'Wit' and 'Impertinence': The Elision of Class Difference in 'Pride and Prejudice'

Alan Urquhart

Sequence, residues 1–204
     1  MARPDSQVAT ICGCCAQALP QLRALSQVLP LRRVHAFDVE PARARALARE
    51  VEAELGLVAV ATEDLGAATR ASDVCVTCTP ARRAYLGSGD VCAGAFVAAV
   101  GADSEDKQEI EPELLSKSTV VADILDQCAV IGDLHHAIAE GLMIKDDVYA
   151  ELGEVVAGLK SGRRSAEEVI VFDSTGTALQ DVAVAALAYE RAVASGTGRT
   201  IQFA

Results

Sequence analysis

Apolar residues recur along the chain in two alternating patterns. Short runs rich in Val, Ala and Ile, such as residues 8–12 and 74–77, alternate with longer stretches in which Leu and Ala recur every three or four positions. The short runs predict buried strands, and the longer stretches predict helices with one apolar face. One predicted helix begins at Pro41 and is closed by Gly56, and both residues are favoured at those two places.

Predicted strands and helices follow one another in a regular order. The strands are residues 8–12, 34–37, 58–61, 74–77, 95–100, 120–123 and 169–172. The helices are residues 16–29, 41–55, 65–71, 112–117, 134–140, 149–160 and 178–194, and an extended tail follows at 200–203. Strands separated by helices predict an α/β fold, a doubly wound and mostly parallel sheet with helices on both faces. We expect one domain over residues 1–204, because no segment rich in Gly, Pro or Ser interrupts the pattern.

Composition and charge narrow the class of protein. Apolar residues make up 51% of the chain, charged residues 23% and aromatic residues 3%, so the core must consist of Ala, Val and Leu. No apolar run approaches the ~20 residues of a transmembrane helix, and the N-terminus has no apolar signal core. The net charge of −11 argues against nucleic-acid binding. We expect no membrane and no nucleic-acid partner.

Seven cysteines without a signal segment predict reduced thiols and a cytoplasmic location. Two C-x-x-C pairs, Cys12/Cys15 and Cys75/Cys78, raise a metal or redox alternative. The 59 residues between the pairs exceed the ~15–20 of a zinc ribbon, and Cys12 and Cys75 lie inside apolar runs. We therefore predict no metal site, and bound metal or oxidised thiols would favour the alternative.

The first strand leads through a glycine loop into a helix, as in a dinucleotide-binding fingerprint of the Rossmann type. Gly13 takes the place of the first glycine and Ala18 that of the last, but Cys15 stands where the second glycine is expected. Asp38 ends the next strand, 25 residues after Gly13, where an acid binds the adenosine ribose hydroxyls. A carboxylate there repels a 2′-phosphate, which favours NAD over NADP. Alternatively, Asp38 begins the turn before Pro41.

Traditionally, criticism of Jane Austen has tended to celebrate her 'harmonious unity ... of the internal and external approaches to character' and 'her sense of social order, which is not achieved at the expense of the individuality and autonomy of the characters'. Ian Watt, in these words, attempts to summarize the historic nature of her achievement in resolving the problems of the eighteenth-century novel bequeathed by Fielding and Richardson. If this harmony is threatened by moral or social problems such as pride or prejudice, want of sense or excess of sensibility, then Jane Austen is supposed to plot to overcome these obstacles. Major characters, such as Elizabeth and Darcy of Pride and Prejudice, are considered to come to an understanding of themselves in such a way as to 'arrive at self-knowledge' and produce the expected harmonious result, which, in the words of Douglas Bush, is 'the appointed end of comedy, marriage'. Yasmine Gooneratne expresses it thus: 'Elizabeth makes mistakes and corrects them as part ofthe emotional education that prepares Jane Austen's heroines for adult responsibilities.' Such criticism highlights the moral and intellectual superstructure of the book. It tends to assume, in the words of Giulia Giuffre, that 'Jane Austen was able to combine the stuff of the novel, everyday life, with the matter of the sermon ... But with such skill that any seams remain invisible'. Yet the invisibility of these 'seams' is nearly always asserted rather than proved. Giuffre, like most other critics, concentrates on the 'moral patterns' and ignores such 'stuff of ... everyday life' as the novel's socio-economic background. Robert Heilman, in fact, states that Jane Austen 'eliminates the class issue by having virtues and vices easily surmount all social barriers'. Yet perhaps the combination of 'the matter of the sermon' and 'the stuff of the novel' is not so seamless.

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